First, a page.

What did you think of the exhibition?
I liked it. The four photographers included are clearly all photographer-collectors, working with sizeable archives of material.
Would you say you’re a photographer-collector yourself?
I am not a materialist, but I am a collector when it comes to images. I was triggered by photography for the first time when I realised that I could construct narratives with just a handful of images. That is still my methodology. I like to constantly shuffle my images into new narratives. In that sense, I’m longing to grow old, because I’ll have more images to play around with by then.
I’m longing to grow old, because I’ll have more images to play around with
You harbour a particular fondness for photo books, which is similar to Paul Kooiker’s approach. Were you always interested in the book form?
My fascination for books started when I began studying photography. In my work, I am very focused on books, constantly thinking about what image could fit on the next page. I started reading a lot when I started at KASK as well – much more than I previously did.
What are you reading?
I love reading short stories. I am currently reading Mr. Palomar by Italo Calvino, a story in which Palomar goes to the seaside and tries to see a wave from its beginning to its end. The fact that Calvino writes about such a specific action fascinates me. I think I try to focus on seemingly banal instances as well, which resonates with the photographers’ approaches in the exhibition at Be-Part.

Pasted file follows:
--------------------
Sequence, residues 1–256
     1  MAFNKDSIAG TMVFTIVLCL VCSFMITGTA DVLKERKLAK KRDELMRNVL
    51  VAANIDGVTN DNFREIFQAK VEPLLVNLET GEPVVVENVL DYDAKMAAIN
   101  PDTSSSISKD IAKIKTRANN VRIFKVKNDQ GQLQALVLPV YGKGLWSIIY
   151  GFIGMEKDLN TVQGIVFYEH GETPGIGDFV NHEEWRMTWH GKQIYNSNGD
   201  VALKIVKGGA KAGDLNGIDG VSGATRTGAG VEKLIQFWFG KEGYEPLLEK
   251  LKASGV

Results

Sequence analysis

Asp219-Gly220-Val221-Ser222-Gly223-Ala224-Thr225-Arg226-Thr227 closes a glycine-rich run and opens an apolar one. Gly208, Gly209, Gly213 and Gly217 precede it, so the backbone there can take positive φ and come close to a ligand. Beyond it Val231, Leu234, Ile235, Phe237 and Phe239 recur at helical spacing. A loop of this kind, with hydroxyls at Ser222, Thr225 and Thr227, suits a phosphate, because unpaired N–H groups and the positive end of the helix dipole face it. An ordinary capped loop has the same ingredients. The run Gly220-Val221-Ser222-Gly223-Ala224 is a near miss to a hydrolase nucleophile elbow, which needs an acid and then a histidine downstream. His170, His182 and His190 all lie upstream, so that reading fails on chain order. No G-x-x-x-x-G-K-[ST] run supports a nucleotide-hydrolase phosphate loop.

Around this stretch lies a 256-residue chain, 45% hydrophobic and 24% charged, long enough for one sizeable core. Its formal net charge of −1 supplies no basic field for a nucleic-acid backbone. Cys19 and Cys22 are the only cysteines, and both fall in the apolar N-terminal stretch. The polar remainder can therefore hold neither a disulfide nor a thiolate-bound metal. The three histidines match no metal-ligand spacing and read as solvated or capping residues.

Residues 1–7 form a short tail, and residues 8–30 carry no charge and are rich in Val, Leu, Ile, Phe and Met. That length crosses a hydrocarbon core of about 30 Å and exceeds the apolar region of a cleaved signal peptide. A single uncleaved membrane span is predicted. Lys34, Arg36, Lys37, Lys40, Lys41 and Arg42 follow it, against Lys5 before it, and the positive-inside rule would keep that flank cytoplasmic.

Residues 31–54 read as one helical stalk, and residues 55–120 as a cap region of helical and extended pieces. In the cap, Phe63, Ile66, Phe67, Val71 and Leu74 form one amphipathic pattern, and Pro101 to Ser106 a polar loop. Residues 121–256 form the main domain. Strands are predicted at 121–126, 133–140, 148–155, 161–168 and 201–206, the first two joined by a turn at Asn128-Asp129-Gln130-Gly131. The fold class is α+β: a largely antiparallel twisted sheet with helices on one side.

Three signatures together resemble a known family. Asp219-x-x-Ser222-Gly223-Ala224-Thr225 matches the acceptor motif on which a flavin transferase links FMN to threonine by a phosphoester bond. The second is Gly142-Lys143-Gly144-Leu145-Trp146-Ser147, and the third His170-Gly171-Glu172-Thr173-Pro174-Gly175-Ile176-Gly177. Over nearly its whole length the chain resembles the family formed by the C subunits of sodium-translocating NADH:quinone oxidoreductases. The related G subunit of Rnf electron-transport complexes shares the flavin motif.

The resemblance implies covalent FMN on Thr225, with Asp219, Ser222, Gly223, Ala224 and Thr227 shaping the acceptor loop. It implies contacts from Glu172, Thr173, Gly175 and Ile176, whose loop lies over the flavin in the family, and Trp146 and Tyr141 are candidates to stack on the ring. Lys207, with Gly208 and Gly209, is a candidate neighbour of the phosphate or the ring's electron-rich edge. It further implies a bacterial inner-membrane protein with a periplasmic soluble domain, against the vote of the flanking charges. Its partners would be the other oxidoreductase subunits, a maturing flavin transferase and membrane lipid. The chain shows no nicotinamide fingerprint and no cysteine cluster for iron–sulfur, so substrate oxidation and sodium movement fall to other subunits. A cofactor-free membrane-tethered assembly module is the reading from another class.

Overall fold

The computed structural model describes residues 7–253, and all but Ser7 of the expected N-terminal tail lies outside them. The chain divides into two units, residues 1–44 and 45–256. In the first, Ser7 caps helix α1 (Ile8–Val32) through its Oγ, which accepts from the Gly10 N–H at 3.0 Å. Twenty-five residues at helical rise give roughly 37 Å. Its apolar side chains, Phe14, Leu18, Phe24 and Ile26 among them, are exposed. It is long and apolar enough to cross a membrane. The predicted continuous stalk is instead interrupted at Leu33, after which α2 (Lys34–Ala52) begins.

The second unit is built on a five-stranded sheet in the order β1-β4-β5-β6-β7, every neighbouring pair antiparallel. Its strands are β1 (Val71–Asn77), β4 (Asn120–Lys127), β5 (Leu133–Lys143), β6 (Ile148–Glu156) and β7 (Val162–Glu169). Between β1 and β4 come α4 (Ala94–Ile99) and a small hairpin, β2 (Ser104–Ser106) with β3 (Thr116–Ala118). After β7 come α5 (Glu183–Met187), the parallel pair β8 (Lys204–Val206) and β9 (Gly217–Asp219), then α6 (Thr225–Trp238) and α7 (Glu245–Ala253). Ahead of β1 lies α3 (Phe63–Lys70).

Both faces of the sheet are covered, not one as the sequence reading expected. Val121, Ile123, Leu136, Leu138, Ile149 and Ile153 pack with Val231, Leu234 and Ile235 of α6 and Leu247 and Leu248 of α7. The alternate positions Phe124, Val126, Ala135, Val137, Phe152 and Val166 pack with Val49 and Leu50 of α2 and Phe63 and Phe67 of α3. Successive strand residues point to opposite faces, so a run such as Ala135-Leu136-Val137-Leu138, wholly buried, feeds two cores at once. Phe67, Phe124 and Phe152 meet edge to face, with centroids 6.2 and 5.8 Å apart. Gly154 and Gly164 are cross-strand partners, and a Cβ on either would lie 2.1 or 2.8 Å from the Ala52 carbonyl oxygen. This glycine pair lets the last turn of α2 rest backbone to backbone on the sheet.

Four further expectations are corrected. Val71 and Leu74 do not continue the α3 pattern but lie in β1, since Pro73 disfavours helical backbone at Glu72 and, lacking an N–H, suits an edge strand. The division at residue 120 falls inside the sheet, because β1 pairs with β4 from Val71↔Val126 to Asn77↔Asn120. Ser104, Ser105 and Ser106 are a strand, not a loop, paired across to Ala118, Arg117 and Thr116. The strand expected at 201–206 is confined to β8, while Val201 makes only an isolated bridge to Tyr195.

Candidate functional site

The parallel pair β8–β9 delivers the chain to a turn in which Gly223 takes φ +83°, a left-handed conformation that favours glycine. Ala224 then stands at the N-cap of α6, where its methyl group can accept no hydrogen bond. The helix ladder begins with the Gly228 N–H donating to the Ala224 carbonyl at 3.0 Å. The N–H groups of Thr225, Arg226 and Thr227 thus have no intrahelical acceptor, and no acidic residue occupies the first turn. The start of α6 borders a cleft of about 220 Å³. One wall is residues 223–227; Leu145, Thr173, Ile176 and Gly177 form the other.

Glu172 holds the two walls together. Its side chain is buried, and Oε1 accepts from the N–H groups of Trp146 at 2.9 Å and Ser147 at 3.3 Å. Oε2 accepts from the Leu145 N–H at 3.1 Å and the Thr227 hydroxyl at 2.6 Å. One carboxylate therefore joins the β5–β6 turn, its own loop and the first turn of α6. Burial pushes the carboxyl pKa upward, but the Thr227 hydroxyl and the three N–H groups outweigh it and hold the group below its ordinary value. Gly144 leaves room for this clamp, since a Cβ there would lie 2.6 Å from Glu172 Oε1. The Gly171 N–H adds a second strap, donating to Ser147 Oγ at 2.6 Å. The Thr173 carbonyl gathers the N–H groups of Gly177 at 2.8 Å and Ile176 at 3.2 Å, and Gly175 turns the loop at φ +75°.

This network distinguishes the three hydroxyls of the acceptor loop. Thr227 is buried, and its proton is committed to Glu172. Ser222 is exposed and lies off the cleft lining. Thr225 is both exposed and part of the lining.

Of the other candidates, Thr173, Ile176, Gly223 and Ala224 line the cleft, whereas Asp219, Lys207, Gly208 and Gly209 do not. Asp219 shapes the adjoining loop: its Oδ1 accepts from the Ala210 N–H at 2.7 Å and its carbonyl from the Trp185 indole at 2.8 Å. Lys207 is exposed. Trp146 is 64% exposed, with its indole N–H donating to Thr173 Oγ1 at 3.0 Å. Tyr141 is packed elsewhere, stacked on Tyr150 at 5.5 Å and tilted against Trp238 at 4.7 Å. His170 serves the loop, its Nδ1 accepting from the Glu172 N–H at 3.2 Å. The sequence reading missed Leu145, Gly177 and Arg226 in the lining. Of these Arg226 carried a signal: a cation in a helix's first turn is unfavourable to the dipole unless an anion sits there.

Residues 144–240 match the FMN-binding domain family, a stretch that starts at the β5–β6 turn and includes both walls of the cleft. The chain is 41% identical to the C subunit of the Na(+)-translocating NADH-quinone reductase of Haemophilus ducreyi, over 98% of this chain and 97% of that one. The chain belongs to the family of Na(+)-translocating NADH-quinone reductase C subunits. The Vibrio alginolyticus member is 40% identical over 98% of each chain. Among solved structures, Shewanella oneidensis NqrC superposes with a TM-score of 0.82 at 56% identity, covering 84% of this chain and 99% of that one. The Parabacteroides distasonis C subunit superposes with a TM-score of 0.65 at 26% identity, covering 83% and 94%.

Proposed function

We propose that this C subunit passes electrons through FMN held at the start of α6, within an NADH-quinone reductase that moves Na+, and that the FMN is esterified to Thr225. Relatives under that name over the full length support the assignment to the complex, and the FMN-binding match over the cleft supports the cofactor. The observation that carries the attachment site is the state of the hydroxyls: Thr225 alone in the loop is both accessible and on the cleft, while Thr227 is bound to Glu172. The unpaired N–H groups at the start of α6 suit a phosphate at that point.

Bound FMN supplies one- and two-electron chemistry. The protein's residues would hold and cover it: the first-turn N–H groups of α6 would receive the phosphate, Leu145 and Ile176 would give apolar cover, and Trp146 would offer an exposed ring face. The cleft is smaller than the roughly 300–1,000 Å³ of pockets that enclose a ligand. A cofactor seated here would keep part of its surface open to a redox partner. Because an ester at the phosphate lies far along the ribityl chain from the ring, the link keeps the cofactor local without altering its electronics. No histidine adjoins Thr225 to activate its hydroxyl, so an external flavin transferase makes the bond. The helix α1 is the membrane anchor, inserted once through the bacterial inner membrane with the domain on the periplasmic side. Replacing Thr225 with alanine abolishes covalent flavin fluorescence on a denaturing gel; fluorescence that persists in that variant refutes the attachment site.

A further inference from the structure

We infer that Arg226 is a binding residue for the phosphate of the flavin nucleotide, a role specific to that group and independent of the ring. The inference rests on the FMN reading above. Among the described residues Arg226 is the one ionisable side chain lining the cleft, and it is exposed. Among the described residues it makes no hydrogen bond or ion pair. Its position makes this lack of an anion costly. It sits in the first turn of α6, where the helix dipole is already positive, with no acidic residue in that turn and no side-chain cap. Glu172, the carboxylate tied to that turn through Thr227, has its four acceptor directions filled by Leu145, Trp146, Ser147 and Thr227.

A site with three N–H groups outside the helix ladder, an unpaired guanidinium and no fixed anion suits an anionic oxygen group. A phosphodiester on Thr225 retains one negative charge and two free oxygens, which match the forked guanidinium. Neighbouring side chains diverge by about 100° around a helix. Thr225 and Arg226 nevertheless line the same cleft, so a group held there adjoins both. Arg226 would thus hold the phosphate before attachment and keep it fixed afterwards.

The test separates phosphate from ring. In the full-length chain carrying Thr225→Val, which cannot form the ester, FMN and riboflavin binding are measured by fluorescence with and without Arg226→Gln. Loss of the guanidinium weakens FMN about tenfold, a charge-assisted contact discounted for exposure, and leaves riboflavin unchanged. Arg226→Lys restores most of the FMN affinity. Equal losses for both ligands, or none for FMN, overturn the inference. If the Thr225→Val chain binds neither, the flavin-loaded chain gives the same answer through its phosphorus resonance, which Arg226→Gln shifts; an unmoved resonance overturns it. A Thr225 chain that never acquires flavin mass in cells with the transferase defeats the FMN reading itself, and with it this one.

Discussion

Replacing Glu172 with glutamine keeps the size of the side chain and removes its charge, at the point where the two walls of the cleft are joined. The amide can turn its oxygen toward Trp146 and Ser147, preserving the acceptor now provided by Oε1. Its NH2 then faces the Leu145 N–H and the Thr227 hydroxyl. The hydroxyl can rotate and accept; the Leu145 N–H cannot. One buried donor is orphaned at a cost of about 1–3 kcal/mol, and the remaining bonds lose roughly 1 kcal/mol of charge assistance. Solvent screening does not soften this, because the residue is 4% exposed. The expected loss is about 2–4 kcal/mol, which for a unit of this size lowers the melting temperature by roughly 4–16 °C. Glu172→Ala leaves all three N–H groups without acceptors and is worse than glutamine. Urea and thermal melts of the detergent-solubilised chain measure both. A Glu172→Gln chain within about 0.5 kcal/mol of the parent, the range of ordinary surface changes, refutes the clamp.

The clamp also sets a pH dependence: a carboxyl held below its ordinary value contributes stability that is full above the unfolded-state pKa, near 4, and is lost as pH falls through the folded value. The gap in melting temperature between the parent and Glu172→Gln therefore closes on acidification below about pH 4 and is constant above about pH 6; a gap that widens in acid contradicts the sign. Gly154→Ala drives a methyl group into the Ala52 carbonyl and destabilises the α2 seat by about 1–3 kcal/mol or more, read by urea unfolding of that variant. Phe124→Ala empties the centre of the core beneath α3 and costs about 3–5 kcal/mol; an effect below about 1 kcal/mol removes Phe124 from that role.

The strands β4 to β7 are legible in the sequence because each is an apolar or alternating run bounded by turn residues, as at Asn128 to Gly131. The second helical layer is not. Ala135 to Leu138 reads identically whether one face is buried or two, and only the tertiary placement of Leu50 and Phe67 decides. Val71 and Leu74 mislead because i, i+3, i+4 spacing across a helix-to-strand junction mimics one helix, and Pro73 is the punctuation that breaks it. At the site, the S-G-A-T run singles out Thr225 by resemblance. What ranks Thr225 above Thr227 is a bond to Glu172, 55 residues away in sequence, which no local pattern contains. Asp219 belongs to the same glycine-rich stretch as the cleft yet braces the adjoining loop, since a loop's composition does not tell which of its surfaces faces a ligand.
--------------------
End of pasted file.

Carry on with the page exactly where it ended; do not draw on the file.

I don’t think images are ‘used up’ once you’ve used them in a book
How does your constant shuffling of images relate to your love for the book, a form that is final?
Kooiker employs a similar methodology. If I remember correctly, he uses the same images in different books. I don’t think images are ‘used up’ once you’ve used them in a book.
Your focus on books could also suggest an inclination towards narrative in your work…
I’m rather thinking about themes than constructing a story when I work. And I never pronounce the narrative myself; that’s something that is entirely in the viewer’s hands, not in mine.
In retrospect, I realise that the images remind me of my own recollections – as if they are gateways to my memories
How much of yourself is reflected in these images?
A lot. Sometimes I notice that it’s difficult for me to pinpoint what some of my images represent. In retrospect, I realise that they remind me of my own recollections – as if they are gateways to my memories – even though they were shot in an entirely different context or place. I’ve been thinking about that a lot lately. I think there’s more going on than I can put into words.